Soaring diesel costs push truckies to the edge

Picture from Food Magazine

Did you see the 7.30 report on the ABC last night ? If not you can see it here: http://www.abc.net.au/7.30/ or read the transcript here: http://www.abc.net.au/7.30/content/2008/s2311384.htm You can also google 'trucking industry strike' for the latest in news articles.

It seems that fuel prices are crippling many of the truckies. We have heard drivers saying that every time they go to fuel up it adds $100 to the bill. The difficulty for us as consumers is that EVERYTHING comes by truck. Most things you find on the supermarket shelf have travelled many hundreds of kilometres to get to the store. Eating Local suddenly becomes extremely important.

In all the articles I have read and watched the drivers are talking about a strike, 'go slow' or blockade on the 28th of July. There has already been one ' go slow' on a Sydney Freeway. The Transport Worker's Union say they are not in support of a strike, however other industry groups have formulated a list of demands to present to government.

Online forums are buzzing with people talking about their husbands, brothers, sons and cousins who are truckies that are going to strike. Diesel prices have risen 50c a litre since October and their runs are now unsustainable.

This has a major impact on us as householders. I do not blame the truckies, as there are numerous issues which must be addressed for them. Regardless of how those issues are resolved or played out, the matter of importance for me is the impact on households. Ask yourself this question..... How long can you sustain your household without going to a shop ?


" Truck drivers are planning a nationwide two-week strike that could limit the supply of food and fuel. Requesting better pay and conditions, the organisers, led by the Australian Long Distance Owners’ and Drivers’ Association, are asking truck drivers to strike for two weeks from July 28.
The planned strike could have serious consequences on food industry supplies.One of the transport company owners said that the stoppage would highlight the impact the economy would be subjected to if the industry was to collapse. “On day three of the stoppage shops will run out of food, on day four service stations will run out of petrol, on day five we will run out of [drinkable] water … and on day 10 industry will shut down because there will be no power,” Hervey Bay’s Peter Schuback said. "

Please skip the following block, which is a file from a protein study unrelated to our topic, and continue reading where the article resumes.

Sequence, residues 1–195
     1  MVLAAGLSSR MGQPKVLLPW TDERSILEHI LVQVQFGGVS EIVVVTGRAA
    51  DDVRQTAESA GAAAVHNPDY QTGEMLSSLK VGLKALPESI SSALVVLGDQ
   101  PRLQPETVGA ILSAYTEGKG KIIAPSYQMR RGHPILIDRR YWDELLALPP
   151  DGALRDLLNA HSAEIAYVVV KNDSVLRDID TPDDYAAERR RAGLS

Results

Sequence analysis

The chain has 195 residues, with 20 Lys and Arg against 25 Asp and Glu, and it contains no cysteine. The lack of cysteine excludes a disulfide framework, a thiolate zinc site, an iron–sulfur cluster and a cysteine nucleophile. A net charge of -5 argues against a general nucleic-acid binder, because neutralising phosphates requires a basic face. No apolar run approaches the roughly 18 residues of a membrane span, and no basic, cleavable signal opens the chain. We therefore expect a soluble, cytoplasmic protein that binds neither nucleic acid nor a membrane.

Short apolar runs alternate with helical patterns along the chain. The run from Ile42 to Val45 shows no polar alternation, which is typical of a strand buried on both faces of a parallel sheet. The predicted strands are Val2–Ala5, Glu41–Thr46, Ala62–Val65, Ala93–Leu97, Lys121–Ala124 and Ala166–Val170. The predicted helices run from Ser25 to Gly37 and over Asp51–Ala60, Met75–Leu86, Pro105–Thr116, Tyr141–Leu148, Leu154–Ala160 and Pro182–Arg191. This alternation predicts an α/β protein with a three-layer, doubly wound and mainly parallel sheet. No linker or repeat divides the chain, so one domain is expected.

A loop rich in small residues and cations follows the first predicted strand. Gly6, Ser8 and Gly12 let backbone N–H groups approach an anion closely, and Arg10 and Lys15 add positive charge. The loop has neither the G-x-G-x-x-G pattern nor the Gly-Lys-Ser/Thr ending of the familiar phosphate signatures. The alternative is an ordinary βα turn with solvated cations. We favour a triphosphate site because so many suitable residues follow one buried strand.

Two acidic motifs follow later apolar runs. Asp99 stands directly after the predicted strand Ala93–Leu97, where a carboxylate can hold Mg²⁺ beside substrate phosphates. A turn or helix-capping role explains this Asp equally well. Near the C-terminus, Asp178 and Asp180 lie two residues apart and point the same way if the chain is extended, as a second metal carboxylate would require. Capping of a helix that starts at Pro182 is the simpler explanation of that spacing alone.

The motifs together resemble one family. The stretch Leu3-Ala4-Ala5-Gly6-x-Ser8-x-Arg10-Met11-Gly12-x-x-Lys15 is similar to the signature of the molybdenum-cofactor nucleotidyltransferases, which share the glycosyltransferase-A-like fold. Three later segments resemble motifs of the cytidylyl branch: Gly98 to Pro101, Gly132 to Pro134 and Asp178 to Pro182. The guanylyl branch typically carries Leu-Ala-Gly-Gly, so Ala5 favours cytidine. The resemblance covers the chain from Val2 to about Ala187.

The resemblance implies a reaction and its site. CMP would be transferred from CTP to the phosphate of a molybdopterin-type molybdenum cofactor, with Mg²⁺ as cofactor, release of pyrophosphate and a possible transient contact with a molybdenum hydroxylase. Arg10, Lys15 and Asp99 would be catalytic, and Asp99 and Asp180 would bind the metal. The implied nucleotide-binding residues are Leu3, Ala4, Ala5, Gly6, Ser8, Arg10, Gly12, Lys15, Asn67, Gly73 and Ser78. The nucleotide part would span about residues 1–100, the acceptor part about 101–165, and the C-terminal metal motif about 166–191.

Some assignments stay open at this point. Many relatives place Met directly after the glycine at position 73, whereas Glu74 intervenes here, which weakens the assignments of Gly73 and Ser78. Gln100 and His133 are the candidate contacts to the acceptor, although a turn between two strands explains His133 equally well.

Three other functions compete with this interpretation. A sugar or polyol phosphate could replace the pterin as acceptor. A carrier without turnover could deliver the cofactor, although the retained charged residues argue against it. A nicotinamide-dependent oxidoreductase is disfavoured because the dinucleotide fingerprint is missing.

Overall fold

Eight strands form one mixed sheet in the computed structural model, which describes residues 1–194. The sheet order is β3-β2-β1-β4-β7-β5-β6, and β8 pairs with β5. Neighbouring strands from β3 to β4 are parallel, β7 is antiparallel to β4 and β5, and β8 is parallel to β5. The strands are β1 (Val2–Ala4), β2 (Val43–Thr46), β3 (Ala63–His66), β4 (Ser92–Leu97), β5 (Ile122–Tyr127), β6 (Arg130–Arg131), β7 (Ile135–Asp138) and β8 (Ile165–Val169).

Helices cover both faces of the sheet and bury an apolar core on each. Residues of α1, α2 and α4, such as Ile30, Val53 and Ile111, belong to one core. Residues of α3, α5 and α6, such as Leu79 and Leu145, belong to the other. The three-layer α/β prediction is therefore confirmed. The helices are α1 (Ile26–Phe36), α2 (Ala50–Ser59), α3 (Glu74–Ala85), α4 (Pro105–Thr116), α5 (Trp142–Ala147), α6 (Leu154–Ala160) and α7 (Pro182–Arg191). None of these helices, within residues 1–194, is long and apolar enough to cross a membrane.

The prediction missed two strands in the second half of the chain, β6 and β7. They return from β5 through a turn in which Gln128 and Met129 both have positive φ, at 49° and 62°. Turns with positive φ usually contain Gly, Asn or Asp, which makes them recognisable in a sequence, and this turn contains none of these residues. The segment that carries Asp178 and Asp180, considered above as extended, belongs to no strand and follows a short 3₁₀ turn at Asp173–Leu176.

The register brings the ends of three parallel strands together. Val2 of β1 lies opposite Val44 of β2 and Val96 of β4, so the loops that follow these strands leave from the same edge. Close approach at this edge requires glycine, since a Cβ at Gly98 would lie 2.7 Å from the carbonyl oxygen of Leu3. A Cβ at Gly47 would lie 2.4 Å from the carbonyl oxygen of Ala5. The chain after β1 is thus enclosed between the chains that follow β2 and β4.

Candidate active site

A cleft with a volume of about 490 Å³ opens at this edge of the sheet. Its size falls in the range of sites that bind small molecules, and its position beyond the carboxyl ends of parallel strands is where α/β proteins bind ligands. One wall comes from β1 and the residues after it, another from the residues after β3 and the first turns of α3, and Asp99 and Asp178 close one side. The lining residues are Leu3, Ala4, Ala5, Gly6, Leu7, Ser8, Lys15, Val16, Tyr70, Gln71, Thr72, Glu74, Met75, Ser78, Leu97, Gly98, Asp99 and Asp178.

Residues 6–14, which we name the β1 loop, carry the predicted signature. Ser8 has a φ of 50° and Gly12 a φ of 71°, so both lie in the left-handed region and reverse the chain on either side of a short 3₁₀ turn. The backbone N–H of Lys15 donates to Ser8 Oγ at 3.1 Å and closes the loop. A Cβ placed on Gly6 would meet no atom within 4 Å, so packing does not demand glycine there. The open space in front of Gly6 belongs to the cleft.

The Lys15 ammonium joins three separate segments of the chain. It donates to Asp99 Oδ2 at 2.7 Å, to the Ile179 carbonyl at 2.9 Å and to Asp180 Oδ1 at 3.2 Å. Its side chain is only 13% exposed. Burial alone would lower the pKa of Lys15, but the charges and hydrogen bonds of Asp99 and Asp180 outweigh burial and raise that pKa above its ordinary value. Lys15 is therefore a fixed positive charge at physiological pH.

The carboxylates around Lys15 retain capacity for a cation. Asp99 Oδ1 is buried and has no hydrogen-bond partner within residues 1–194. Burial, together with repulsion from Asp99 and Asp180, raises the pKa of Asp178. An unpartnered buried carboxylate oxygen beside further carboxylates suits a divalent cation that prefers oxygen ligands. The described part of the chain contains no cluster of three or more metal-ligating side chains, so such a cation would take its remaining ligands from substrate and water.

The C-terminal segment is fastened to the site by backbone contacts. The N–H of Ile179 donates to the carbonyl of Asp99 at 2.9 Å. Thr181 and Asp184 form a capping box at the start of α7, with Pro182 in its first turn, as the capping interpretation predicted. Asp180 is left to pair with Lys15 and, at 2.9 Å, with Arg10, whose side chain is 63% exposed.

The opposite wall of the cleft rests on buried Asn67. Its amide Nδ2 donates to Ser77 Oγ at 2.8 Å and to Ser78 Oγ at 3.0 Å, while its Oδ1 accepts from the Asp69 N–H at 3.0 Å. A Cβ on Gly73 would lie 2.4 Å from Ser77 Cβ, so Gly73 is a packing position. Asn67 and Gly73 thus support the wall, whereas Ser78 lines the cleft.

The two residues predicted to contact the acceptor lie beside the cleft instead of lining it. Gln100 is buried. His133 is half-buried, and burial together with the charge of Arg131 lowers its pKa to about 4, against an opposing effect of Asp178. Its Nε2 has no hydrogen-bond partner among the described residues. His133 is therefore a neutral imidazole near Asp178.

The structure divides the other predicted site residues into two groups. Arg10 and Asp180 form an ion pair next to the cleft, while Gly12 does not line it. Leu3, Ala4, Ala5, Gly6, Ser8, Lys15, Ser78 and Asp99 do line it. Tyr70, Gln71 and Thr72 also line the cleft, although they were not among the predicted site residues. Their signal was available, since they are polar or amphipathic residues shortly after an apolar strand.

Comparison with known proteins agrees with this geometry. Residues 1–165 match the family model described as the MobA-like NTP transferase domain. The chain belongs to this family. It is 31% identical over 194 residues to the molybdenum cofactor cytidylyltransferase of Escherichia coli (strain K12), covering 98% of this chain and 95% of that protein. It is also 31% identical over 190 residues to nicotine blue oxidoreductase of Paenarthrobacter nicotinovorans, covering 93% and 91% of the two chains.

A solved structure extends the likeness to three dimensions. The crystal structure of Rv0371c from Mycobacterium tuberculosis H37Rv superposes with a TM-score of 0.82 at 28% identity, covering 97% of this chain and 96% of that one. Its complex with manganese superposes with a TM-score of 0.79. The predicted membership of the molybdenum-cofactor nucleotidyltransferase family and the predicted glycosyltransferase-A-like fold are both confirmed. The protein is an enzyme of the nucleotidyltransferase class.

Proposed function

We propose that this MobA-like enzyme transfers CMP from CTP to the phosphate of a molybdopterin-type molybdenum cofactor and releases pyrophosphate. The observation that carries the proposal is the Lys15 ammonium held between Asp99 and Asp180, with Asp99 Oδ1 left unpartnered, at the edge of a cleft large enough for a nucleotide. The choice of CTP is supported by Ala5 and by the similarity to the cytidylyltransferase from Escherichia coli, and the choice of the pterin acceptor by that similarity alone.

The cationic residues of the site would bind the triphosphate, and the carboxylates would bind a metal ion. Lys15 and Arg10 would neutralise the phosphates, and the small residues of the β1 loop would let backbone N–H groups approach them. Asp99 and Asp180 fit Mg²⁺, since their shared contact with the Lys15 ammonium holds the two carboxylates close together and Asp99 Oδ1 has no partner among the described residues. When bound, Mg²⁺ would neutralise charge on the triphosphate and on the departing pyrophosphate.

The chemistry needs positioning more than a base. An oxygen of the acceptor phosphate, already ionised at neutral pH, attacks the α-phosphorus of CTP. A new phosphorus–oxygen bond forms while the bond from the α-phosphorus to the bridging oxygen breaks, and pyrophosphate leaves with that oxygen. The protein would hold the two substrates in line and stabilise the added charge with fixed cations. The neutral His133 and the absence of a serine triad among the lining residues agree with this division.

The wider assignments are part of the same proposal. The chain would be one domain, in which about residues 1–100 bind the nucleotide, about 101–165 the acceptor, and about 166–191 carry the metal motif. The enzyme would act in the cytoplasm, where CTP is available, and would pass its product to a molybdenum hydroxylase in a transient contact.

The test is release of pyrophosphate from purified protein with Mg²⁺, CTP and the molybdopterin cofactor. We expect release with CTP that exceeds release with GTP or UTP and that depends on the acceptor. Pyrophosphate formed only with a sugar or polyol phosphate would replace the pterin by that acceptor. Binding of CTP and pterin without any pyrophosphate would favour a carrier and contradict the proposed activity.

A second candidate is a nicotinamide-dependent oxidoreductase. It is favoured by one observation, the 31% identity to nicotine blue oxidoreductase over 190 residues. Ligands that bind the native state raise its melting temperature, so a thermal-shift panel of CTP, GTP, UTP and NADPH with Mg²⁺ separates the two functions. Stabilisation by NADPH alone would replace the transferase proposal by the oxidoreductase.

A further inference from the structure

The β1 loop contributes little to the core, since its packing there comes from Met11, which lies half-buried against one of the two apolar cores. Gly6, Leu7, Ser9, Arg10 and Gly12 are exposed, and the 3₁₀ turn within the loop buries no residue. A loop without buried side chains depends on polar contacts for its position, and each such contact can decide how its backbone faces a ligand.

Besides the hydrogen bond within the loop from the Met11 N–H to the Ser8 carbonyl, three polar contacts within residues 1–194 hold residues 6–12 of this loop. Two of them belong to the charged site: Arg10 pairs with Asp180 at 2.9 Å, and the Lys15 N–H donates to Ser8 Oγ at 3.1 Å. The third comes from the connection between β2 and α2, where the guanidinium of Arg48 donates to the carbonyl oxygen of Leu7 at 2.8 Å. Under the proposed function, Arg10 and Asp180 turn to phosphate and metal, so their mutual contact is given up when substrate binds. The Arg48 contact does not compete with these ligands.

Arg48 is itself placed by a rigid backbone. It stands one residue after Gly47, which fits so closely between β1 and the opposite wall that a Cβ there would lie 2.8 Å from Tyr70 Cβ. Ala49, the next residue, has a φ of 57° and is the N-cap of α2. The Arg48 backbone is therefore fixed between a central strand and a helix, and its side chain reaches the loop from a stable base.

SOURCE: Food Magazine: Food and Beverage Industry News

Be wise. Apply the 6P principle. Prior Preparation Prevents Poor Performance. Always make sure that you have sufficient supplies on hand to lessen the impact of any events which prevent you from obtaining food. You never know what these events may be: power shortages, floods, storm damage, sickness in the family, trucking strikes, petrol shortages. Having a good supply in your cupboards is a great insurance policy.


Kez said...

Well I'd planned not to go to the supermarket for 4 weeks, it may end up being all shops!

I'm feeling very pleased that I've started to stockpile recently. I just picked up a bulk meat order so now have a freezer full of meat. I also have 25kg of rice so we won't be starving any time soon :)

I have some stocks of tinned & frozen fruit & veges (not much coming out of the garden atm). Admittedly it mightn't be very exciting or balanced, but we'd survive for quite a while.

We're in a much better position than we would have been at the start of this year.

Michelle said...

I am pretty well prepeared for this with about 2 months worth of food in the house and a bit still coming from the garden.
I am more likely to run out of petrol than anything. We have one 20 litre jerrycan and I will get another one tomorrow and fill them both up.
I also need to go and get all our gas bottles filled up just in case we end up cooking on the BBQ.
I was going to stock up the freezer with more meat but if we run out of power I'm not sure if that would be a good idea.
I'm quite looking forward to seeing how I cope with this and seeing what lessons I can learn from it, after all this could be a glimpse of what peak oil will look like.

Ailsa said...

I absolutely agree with have a supply on hand, just incase. Maybe we could all come up with a list together and yuou could post it on your blog? I'm sure there are things I haven't thought of.

Becca said...

What a great article. We just went grocery shopping today and stocked up on beans, rice, tea, flour, cheese and so forth. The garden is producing an abundance of tomatoes, herbs and green beans so we're pretty well set in that department. I'm interested in hearing what happens!

Anonymous said...

I was very interested when my son showed me the pantry in his new house. A tiny little closet with shelves...obviously not able to hold much more than a weeks worth of groceries. He said that this is a typical pantry for all the new houses. This generation just presumes that the stores will always be stocked with what they need, for a reasonable price. I am afraid that they are in for a rude awakening...at the very least, even if there are no shortages, it doesn't take a rocket scientist to know that the pantry staples that I buy and stockpile today are going to be more costly a month or so down the road, in these uncertain economic times. Thank you for your blog, I just recently stumbled upon it and the things that you write about are giving me a lot to think about! Debby from http://athomeinwyoming.com/

April Theme: Re-organise and Transition

In the Southern Hemisphere, April is in Autumn.  The days here are still warmish, but there is a sneaking whisper in the wind. That whisper ...